THE HAGUE – Syria is one of just five countries that have not signed a global treaty banning chemical weapons. Israel and Myanmar have signed the convention but not ratified it, while Angola, Egypt, North Korea, South Sudan and Syria have done neither.
The Chemical Weapons Convention is aimed at ridding the world of such arms, which were first used in combat in World War I and also in 1988 against civilians in Halabja, Iraq.
The CWC has four main provisions: the destruction of all chemical weapons under strict verification; monitoring of the chemical industry to prevent development; helping protect nations against chemical threats; and boosting global cooperation to strengthen implementation.
“It is the first multilateral treaty to ban an entire category of weapons of mass destruction and to provide for the international verification of the destruction of these weapons,” according to the Hague-based Organization for the Prohibition of Chemical Weapons (OPCW), which oversees its implementation.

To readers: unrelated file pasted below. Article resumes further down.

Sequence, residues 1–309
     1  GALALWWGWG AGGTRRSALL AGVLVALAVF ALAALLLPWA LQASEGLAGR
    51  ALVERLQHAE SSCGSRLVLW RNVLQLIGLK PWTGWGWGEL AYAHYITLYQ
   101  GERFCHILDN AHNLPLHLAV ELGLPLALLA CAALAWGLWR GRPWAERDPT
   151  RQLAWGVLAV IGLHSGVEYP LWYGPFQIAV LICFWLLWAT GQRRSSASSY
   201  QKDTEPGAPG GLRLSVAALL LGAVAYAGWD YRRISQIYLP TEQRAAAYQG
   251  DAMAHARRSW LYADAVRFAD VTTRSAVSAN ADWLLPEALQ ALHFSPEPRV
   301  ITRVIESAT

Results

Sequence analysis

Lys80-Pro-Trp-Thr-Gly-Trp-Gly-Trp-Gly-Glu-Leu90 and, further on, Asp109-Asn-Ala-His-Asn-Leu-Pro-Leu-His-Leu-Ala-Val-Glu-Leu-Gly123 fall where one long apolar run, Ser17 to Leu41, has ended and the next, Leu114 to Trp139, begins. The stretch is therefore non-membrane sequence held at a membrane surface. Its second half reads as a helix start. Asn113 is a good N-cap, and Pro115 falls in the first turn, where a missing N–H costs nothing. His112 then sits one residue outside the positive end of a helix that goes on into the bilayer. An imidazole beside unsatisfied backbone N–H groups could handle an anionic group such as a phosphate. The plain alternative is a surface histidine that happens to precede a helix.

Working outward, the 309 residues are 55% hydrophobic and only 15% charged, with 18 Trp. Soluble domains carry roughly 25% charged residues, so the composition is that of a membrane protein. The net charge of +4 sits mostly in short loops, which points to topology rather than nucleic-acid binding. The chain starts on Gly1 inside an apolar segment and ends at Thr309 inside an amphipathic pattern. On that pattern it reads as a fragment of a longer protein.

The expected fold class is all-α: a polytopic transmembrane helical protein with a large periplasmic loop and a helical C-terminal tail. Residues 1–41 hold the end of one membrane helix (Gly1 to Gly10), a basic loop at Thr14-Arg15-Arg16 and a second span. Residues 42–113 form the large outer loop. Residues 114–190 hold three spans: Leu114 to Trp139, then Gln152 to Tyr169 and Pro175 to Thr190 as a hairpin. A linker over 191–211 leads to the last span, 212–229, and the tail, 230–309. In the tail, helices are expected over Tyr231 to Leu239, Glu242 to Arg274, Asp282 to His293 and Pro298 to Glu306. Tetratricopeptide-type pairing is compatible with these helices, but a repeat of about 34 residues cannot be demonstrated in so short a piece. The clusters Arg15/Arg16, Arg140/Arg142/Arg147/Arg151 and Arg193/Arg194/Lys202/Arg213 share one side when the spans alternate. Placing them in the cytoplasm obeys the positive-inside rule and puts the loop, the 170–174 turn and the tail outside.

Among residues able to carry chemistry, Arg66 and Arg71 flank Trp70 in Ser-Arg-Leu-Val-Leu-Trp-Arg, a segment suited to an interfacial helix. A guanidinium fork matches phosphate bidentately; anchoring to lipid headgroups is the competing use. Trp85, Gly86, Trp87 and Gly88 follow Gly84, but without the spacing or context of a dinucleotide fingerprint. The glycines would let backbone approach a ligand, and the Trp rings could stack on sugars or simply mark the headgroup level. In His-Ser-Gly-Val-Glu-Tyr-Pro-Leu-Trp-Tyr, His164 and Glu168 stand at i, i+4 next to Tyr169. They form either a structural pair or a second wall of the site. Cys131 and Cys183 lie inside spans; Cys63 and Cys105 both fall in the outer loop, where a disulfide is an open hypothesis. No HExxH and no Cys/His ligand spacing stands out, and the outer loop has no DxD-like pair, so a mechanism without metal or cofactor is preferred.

No specific punitive measures are provided for countries that use chemical weapons. The document says only that the OPCW can “in cases of particular gravity, bring the issue, including relevant information and conclusions, to the attention of the United Nations General Assembly and the United Nations Security Council.”
Under the convention, ratifying countries commit to destroying their weapons stockpiles within 10 years, though some have obtained delays.
The United States is aiming for 2023, while Russia has set a deadline of December 2015.
The CWC allows experts to conduct inspections at short notice at military, civilian and industrial sites where sensitive listed chemicals are used.
Signing of the convention began in 1993, and it took effect on April 29, 1997.
The OPCW has 189 so-called States Parties, including nearly all industrialized nations.